‘Vaporised’ golden eagles

 

The author and golden eagle 'Alma' found poisoned on Millden Estate, Angus, in 2009.

The author and golden eagle ‘Alma’ found poisoned on Millden Estate, Angus, in 2009.

Poisoned white-tailed eagle 'White G' recovered by the author in 2008 near to poisoned baits on Glenogil Estate boundary fence, Angus

Poisoned white-tailed eagle ‘White G’ recovered by the author in 2008 near to poisoned baits on Glenogil Estate boundary fence, Angus

It is crushingly disappointing and frustrating news that yet another satellite-tagged golden eagle has disappeared in the Monadhliaths. In less than five years eight satellite-tagged golden eagles have disappeared, all in this grouse moor area. As I’ve said in an earlier blog on missing satellite-tagged hen harriers these devices are reliable and the chance of them all suddenly failing after working perfectly normally is a coincidence that even the most naïve amongst us would not accept.

The latest bird, named Brodie, was two years old and vanished last month. I assume the procedure would still be for the RSPB to discuss the disappearance with Police Scotland and get the green light to attempt to find the bird somewhere near its last known location. In this case there may have been no ground search; more likely a search in the area to attempt to track a signal. Until the search is concluded the fact that the bird is missing in a particular area is unlikely to be made public.

Gamekeepers maintain that golden eagles are not a problem, yet I was told by a former head keeper that an eagle flew over a grouse drive one day and was seen by the landowner, who told him it better not be there on the next shooting day. Eight golden eagles known to be missing in an area of grouse moors, together with a further golden eagle found poisoned in the same area in 2010 tend to confirm that golden eagles are still being eliminated.

I was pleased to see that Roseanna Cunningham, the Scottish environment secretary, has ordered a review, stating “I have instructed officials to analyse the evidence from around 90 surviving and missing satellite-tagged eagles, to discover if there is a pattern of suspicious activity.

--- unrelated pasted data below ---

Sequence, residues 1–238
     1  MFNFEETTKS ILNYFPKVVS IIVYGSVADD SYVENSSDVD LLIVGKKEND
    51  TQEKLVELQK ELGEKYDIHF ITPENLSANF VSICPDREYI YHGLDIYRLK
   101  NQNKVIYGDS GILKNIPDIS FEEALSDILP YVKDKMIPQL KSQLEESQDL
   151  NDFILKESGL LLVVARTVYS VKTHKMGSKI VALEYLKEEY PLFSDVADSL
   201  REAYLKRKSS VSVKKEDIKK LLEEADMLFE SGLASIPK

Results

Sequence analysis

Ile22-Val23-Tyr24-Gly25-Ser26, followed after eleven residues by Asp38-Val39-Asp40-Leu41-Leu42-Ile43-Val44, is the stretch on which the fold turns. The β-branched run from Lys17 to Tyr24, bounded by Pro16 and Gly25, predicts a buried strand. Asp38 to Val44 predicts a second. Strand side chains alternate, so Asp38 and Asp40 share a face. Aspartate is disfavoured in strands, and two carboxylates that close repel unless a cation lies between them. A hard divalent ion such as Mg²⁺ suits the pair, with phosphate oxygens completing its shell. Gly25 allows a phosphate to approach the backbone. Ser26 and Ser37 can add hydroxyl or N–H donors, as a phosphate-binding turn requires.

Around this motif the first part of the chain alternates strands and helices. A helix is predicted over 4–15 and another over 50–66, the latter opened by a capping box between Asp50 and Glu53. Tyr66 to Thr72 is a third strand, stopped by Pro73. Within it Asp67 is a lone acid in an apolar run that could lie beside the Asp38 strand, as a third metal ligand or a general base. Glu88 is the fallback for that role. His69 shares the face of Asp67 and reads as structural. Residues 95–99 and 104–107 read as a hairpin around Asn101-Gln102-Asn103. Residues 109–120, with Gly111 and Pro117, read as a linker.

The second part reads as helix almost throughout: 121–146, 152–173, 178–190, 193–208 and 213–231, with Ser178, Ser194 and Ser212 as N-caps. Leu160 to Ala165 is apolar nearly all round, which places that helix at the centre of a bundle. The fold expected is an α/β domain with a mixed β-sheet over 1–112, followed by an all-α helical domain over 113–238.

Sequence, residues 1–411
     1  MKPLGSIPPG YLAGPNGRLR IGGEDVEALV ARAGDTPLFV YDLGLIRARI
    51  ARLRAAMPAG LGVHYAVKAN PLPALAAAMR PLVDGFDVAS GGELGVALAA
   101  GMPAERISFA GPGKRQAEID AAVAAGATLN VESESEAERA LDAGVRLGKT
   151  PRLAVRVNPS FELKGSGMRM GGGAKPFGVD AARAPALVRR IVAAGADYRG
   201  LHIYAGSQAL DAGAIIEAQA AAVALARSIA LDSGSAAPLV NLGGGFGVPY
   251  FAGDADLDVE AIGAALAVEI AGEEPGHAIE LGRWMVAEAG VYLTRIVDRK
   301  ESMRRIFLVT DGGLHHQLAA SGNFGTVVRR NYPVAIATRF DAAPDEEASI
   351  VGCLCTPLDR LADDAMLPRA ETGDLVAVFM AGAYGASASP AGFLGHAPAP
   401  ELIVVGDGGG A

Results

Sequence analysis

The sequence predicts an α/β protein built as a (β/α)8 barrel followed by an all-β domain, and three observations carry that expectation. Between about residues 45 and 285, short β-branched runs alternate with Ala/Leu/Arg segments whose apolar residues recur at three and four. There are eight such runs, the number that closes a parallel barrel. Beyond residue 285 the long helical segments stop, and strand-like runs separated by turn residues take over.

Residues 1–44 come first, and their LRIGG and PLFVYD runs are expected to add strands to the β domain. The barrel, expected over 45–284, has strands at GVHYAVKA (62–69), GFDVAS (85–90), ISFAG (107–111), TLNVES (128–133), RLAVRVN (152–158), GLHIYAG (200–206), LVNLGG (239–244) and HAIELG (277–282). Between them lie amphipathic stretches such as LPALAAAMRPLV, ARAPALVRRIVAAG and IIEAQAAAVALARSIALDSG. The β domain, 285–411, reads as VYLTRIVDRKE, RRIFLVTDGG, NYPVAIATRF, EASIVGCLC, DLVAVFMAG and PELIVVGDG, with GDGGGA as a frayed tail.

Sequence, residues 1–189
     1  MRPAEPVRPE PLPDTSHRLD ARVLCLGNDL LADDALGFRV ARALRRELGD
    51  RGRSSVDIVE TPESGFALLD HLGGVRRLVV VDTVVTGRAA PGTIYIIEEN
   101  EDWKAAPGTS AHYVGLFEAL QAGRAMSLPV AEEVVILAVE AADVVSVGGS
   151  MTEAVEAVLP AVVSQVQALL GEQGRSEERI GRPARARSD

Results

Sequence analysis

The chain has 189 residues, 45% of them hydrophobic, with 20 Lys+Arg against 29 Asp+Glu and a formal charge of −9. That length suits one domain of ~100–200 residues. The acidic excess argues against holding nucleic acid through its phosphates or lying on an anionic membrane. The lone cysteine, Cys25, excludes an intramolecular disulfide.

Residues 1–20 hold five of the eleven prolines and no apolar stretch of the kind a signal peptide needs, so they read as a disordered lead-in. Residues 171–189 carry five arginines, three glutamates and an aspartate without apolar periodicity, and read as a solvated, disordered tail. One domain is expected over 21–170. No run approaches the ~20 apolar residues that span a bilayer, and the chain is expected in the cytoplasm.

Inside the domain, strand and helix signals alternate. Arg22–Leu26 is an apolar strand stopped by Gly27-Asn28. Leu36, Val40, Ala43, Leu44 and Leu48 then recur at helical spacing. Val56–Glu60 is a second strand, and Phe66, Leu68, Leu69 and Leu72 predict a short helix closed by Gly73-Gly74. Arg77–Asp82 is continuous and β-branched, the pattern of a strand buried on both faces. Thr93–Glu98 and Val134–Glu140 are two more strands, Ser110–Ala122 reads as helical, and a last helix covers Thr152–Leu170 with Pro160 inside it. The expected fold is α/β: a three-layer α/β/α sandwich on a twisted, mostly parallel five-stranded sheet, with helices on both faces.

“Grouse moor management does help species such as curlew and golden plover as well as generating much needed rural employment and income but this cannot be at any price.

“The public rightly expects all businesses in Scotland to obey the law. Let me be clear: grouse shooting is no exception.

“As previously stated, the Scottish Government is prepared to introduce further regulation of shooting businesses if necessary. It will be unfortunate if the activities of a few bring further regulation on the whole sector, but that is the risk those who defy the law and defy public opinion are running.”

The review cannot have any other outcome but to indicate highly suspicious activity. Hopefully it will be conducted in double-quick time as the list of poisoned, shot, trapped and vaporised golden eagles is growing ever longer. Given the current climate of understandable distrust of driven grouse moors, the now over 85,000 signatories to the petition to ban driven grouse shooting and the latest petition to license game shooting we may at last see some meaningful ‘further regulation.’ As I have said many times, despite often lengthy investigations by wildlife crime officers, the only solution lies outside the current wildlife legislation.

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